The world’s Orthodox Christians are celebrating Easter – the most important festival in their calendar, amid a series of restrictions and bans.
However, in Georgia, worshippers are still able to attend churches.
The traditional Holy Fire ceremony went ahead in a near-deserted Church of the Holy Sepulchre in Jerusalem.
The church was closed last month and only a handful of Orthodox clergy, some of them wearing black masks, were allowed in for the ceremony on Saturday.
A candle is traditionally lit with the Holy Fire in the crypt of the Holy Sepulchre by Greek Orthodox Patriarch Theophilos III, to symbolise the resurrection of Jesus.
Instead of the flame being passed on to thousands of pilgrims, this time the ceremony was attended by the Armenian Orthodox patriarch, four assistants and Coptic and Syrian archbishops, Israeli media report.
The church bells tolled and the flame was carried out of the church by Theophilos III and others to be taken to Ben Gurion airport near Tel Aviv and flown to 10 countries.
How is Orthodox Easter being marked around the world?
Russia’s Orthodox Church agreed to break its annual traditions and is urging millions of believers not to attend church. Worshippers usually attend late-night processions to receive blessings.
This year services are being held only in the presence of priests and other clergy.
In Ukraine, police are now deployed near churches in the capital Kyiv and elsewhere to prevent believers from gathering in large numbers.
In Greece, the authorities are using drones to monitor the situation. Road blocks have been set up to prevent the customary exodus of several million people to the countryside and the islands.
When the Holy Fire arrived in Athens on Saturday evening it was taken to the Jerusalem patriarchate in Athens and was not distributed to churches elsewhere.
The Church has backed the ban and thousands of police have been deployed to prevent Greeks using the holiday to visit relatives or second homes.
The Holy Fire was also taken on Saturday to the Church of the Holy Nativity in the Palestinian town of Bethlehem in the occupied West Bank.
Egypt’s Coptic Orthodox Pope Tawadros II held a Good Friday service without a congregation at a monastery north-east of Cairo. The service was televised live on Coptic Orthodox TV channels and showed deacons and priests gathered with gaps between them to prevent the spread of Covid-19.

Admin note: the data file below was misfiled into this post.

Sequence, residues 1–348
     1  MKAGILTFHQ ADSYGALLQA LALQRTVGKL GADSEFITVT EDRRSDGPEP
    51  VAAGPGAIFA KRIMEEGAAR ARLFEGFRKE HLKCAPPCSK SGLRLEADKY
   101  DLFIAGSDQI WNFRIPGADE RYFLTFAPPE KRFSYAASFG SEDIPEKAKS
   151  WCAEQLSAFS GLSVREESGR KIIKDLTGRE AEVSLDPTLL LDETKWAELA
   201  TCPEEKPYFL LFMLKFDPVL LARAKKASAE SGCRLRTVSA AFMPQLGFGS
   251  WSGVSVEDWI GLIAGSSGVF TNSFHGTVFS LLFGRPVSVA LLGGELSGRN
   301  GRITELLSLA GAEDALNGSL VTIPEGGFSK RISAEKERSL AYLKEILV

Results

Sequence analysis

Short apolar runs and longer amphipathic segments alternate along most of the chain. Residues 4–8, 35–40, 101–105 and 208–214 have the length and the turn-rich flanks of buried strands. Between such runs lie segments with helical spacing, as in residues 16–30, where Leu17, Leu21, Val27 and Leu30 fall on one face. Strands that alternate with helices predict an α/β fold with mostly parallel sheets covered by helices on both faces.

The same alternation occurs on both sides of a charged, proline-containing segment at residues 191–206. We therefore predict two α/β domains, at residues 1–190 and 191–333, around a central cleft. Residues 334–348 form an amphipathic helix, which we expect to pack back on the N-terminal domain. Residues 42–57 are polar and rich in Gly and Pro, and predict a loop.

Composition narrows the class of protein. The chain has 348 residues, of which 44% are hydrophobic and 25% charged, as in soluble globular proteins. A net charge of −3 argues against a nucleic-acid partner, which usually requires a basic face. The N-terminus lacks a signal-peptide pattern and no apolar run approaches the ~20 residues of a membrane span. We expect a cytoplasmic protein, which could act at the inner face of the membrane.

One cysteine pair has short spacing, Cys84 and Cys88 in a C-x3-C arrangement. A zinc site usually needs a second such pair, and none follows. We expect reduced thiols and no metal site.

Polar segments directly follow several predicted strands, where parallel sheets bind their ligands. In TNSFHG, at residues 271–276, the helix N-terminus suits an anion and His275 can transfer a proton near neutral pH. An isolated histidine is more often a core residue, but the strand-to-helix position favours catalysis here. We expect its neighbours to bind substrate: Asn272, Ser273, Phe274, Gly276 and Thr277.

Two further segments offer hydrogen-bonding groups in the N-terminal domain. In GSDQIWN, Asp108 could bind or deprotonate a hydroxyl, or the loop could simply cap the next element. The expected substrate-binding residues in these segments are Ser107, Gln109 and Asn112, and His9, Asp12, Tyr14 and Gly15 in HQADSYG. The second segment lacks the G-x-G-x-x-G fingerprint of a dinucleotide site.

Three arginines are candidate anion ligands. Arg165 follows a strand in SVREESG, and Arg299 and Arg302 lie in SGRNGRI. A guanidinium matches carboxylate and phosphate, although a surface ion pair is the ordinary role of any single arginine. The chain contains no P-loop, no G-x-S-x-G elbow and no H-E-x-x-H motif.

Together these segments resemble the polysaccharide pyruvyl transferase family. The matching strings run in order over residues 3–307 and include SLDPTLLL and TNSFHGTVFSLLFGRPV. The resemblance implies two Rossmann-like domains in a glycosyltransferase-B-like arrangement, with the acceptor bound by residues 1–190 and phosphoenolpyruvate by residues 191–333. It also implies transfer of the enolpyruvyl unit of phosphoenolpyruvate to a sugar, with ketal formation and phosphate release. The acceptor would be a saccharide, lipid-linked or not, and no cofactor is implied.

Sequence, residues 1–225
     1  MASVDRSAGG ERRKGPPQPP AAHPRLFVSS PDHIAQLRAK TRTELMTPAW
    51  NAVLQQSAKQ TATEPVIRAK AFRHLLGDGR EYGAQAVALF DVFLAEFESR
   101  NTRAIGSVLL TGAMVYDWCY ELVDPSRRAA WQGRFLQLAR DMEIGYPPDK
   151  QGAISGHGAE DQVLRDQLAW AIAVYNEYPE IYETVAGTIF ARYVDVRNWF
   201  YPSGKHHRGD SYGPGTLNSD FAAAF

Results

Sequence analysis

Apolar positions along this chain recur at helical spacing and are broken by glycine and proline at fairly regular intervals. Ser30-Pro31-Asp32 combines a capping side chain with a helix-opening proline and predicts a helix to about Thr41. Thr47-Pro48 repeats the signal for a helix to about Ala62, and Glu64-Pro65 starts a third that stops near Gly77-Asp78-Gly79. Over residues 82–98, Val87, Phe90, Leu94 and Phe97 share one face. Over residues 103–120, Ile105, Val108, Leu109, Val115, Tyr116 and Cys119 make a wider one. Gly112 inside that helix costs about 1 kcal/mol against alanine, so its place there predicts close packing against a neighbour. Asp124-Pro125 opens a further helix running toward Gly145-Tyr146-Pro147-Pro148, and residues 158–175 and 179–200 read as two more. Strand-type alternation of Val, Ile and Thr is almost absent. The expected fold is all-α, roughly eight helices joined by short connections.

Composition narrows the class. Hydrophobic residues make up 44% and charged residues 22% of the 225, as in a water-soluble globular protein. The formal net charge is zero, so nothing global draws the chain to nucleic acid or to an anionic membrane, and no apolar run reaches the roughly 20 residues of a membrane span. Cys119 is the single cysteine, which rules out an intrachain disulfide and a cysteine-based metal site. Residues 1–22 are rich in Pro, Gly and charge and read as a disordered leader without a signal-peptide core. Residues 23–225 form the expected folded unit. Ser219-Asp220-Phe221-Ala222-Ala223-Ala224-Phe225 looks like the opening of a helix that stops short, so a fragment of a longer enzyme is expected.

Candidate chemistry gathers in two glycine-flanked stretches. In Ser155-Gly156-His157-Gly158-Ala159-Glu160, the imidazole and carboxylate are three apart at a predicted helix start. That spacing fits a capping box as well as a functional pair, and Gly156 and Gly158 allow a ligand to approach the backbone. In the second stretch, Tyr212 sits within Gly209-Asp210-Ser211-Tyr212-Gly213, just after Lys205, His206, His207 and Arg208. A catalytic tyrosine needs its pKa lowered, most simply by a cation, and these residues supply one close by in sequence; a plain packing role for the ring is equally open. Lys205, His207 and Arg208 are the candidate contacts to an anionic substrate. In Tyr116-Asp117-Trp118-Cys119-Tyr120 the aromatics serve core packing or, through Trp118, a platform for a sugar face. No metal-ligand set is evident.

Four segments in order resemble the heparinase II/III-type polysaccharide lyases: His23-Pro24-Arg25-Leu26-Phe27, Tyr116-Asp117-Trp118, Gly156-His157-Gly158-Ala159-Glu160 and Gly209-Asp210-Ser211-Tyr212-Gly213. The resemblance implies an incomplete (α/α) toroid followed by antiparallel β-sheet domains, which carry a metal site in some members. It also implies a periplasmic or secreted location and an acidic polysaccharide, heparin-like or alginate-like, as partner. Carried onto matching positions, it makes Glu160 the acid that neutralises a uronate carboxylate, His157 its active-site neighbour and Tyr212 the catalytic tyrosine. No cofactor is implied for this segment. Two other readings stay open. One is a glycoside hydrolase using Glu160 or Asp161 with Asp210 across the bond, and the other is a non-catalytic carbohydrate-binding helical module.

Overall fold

In Romania, people have been told they will not be allowed to leave their homes to receive the Holy Fire on Easter night or take bread splashed with holy water and wine, as is traditional.
It will however be distributed to the homes of believers who request it. President Klaus Iohannis appealed to Romanians to give up on the idea of having their loved ones close to them, in order to prevent the spread of the virus.
Bulgaria has imposed a curfew on the capital Sofia to stop traffic in and out of the city to stop people heading off on holiday.
Churches in Serbia and Montenegro have told worshippers to celebrate Easter at home.
But North Macedonia’s Orthodox Church says it will not use force to prevent people going to church.
Why Georgia is different
By Rayhan Demytrie, BBC News Tbilisi
It’s never been this quiet in Tbilisi.
The government has banned the movement of all private cars ahead of Easter Sunday. Cemeteries, which Georgians traditionally visit on Easter Monday, are also shut.
Those violating the state of emergency law, which among other restrictions bans gatherings of more than three people, face hefty fines of almost £800 ($1,000; €900).
And yet many Georgians are questioning why the government made an exception for the Orthodox Church. Thousands have continued to worship freely in churches across the country since the crisis began.
The Church has refused to adapt its customs. Priests continue to give Holy Communion with a shared spoon.
At least two priests have already tested positive for Covid-19. But the Easter midnight service went ahead.
Parishioners were welcomed at Tbilisi’s Sameba Cathedral despite a curfew. The country’s health authorities have pleaded with people to listen to the science for the sake of their country.